Tuesday, November 6, 2012

A novel profiler for Python

UPDATE: now on github with a clickable example!  You can even use the on-line viewer for your own traces.

At work, I’ve been trying to profile a very CPU-intensive part of a long-running Python server.

There was a time, back in the dark ages, when randomly stopping your program in a debugger and memorising the stack trace was a perfectly respectable way to ‘profile’ your code!

And it actually worked very well.  But somehow, with the advent of fancy profiling tools, the simple and robust approach became forgotten…

In order to profile my servers, I’ve added the yappi profiler in such a way that it can be started and stopped via a debug HTTP interface.  So you can, remotely, turn on and off profiling and recover the log.

This has worked better than nothing, but I’ve found it problematic; yappi - and other Python profilers - are so intrusive that they can slow the whole server down by nearly a factor of 3, and this can cause a whole cascade of timeouts and other problems which interfere with the path you are trying to profile.  Additionally, interpreting the output can be difficult.  The functions that glow most are the utility functions, and the actual what-your-application-is-doing feel just isn’t there.

So, in desperation, this morning I made a full-stack-sampling profiler.  N-times a second it will save a snapshot of the current stack.  Sampling the stack, say, 10 times per second has no noticeable impact on run-time and doesn’t distort the program being profiled:

Why do I want the raw full stack-traces?  Because these are key to understanding what your program is doing!  Stopping a program randomly in a debugger a few times is a very good way of discovering your bottlenecks, and my script just automates it.

I had a very clear idea of how I wanted to see the output.  And the output is JSON.  So, rather than making a little tkinter viewer app, I just threw together a rough Javascript page that you can upload your JSON output to and it renders it on a clickable canvas.

The viewer creates a horizontally-scrollable time-line.  It shows how deep the stack is at each sample point.  Clicking on a sample shows the call stack at that slice of the action.  And here’s the neat thing - the viewer highlights in all other stack samples on the time-line the extent of their common base.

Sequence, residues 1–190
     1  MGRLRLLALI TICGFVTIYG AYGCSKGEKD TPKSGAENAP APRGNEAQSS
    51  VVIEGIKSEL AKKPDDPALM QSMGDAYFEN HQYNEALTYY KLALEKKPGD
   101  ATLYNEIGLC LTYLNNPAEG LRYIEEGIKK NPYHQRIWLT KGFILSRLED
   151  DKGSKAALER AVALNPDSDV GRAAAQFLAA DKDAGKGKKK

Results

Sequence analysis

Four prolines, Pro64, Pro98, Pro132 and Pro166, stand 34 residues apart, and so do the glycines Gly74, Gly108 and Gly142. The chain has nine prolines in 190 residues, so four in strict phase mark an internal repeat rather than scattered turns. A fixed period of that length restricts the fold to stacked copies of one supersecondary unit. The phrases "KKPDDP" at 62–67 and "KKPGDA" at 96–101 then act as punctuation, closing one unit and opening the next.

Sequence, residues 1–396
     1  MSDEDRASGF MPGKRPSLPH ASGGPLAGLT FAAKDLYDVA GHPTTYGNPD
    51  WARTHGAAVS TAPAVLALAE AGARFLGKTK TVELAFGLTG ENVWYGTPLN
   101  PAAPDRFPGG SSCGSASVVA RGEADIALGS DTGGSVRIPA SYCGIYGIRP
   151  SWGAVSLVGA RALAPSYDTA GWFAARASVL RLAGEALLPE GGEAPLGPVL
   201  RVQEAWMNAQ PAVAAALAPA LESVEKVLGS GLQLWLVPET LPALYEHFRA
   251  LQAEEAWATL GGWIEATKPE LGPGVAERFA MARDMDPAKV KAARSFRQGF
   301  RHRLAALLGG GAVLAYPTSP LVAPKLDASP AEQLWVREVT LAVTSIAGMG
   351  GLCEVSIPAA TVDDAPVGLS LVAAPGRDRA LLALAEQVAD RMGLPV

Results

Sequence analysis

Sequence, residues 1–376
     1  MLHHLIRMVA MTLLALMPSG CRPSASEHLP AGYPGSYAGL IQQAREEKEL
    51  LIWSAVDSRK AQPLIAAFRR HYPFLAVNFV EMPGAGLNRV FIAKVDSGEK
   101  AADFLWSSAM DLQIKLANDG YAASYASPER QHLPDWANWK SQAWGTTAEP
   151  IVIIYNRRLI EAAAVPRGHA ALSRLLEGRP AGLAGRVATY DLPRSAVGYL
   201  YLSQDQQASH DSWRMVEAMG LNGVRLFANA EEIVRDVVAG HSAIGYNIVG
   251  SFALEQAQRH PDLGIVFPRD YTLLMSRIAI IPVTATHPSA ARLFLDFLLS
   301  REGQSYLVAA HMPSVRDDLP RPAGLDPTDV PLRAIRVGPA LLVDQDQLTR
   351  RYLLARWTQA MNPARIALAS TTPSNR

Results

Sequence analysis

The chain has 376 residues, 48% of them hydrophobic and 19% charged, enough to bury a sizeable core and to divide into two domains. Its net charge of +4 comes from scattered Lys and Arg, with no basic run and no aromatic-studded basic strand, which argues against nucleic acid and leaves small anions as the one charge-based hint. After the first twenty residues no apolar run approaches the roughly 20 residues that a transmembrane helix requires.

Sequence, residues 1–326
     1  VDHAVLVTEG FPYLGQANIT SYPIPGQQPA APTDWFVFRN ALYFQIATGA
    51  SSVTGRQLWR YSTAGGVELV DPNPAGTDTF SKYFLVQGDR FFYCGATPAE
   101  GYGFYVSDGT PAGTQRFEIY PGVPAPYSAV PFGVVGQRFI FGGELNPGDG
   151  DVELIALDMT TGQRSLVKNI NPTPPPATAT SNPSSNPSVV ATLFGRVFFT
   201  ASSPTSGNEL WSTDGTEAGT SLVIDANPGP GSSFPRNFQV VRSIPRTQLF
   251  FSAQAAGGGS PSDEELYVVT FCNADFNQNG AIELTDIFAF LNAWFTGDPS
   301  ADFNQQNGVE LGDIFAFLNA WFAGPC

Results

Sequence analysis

Look at that pretty screenshot above again ↑

So I’ve clicked on a sample 11 seconds into the trace, and can see the stack-trace sample at that time.  The red in the other samples are the calls that are common.  At the very bottom are two calls that are part of the twisted IO loop, and so that can be tuned out.  But contrast the block of blue to the left; that shows that all those previous calls were doing something quite different; and the big block of red to the right show that subsequent samples were very much in the same area of code.

This is a really great way to understand your calls!

There could be more information captured and presented; the user and system times, for example, and the stack traces of other threads and so on.  I chose to not present that in my graph simply because they were not interesting to my cause.

You can easily extend will_profile.py to capture all stacks; for example:

id2name = dict([(th.ident, th.name) for th in threading.enumerate()])
for ident,frame in sys._current_frames().items():
  thread_name = id2name.get(ident,"")
  stack = traceback.extract_stack(frame)
  ...

I hope my quick scripts are useful to you when you have to debug a long-running, CPU-intensive task in the future!

Notes

  1. williamedwardscoder posted this

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